Twenty-four Nunavut government employees and their families are without a home Thursday, after the Iqaluit apartment building they were living in burned to the ground early in the morning.

How you can help

Iqaluit residents can drop off donations of small household items at Inukshuk High school until 8 p.m. on Thursday, and on Friday from 8 a.m. to 8 p.m.

Another donation centre will be open Friday at the GN Staff Housing Warehouse, located near the entrance to Sylvia Grinnell Park, from 8:30 a.m. to 5 p.m.

Apex residents can drop off donations at Nanook School on Friday.

The following items are particularly needed:

  • Bed sheets, blankets, pillowcases, duvets, comforters
  • New pillows
  • Bath towels
  • Small appliances like kettles, coffee makers and toasters
  • Kitchen items like pots, pans, utensils, dishes and cutlery
  • New personal hygiene products like toothbrushes, soap and shampoo
  • Clothes in all sizes
  • Non-perishable food items

The CIBC bank branch in Iqaluit is accepting cash donations.

The blaze at Building 4100, located in the city's Road to Nowhere subdivision, started around 1:30 a.m. ET, according to fire officials.

"There was a fire on the outside of the structure. RCMP and fire crews had evacuated the tenants that were inside at the time," Iqaluit fire Chief Chris Wilson told CBC News.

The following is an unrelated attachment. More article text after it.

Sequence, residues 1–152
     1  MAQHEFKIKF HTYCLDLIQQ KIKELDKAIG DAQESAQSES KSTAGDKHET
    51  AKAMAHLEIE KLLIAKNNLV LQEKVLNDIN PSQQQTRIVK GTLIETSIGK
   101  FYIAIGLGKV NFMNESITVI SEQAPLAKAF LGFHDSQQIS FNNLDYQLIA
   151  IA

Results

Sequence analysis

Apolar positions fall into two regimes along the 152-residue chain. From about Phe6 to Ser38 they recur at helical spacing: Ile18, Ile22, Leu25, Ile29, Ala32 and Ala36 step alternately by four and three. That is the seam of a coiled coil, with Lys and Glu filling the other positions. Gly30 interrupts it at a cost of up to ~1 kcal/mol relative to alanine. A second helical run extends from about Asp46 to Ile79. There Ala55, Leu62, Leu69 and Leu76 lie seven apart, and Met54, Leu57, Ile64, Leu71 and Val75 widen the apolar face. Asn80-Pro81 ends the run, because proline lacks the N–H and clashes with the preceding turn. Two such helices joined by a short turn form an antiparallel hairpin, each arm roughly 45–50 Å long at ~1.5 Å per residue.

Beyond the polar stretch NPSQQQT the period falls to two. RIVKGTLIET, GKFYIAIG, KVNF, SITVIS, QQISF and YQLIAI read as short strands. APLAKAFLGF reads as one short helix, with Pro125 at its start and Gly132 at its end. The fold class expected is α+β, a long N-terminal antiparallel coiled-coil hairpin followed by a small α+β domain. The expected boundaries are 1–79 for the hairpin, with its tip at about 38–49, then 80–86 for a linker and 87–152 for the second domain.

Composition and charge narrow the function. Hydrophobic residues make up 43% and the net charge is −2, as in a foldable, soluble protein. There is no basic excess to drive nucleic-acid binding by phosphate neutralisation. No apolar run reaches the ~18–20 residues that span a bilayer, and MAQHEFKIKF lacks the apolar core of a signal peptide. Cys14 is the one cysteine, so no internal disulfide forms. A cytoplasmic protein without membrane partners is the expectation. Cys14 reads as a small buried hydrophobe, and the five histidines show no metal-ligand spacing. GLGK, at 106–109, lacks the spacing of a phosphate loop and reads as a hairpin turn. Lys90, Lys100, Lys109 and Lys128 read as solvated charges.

"Unfortunately, the fire worked its way within the structure, the void spaces, in between the floors, and unfortunately the building became fully involved and all was lost."

RCMP and fire officials say no one was injured. The cause of the fire is not yet known.

Homes, belongings lost

A total of roughly 60 people lived in the 29-unit apartment building, which was staff housing for 24 territorial civil servants, the Nunavut government has confirmed.

"Our hearts go out to all of those government of Nunavut employees and their families left homeless by this fire. Their most immediate need is shelter," Premier Eva Aariak said in a release Thursday afternoon.

"The Nunavut Housing Corp. will be able to arrange alternate staff housing for all of them in short order, and we will ensure that they have access to hotels or other interim accommodation in the meantime," she added.

The displaced tenants were asked to attend a meeting at 7 p.m. at the Nova Inn to discuss what will happen next.

Tenant Danielle Steele said she and her father lost their home and their belongings in the fire.

"It's kind of hard to get access to most of these things here," Steele said. "If you do, it's pretty expensive."

Meanwhile, Iqaluit residents were quick to help out the displaced tenants. Many donated small household items at a drop-off centre set up at Inukshuk High School on Thursday.

As crews continue to deal with the fire, deputy fire chief Blain Wiggins said people living next door, in Building 4102, are being asked not to go home at least until 7 p.m.

"The fire is definitely under control, it is limited to the 4100 building. But because of … the structure collapse, it's just a matter of persistence to completely put it out," Wiggins said.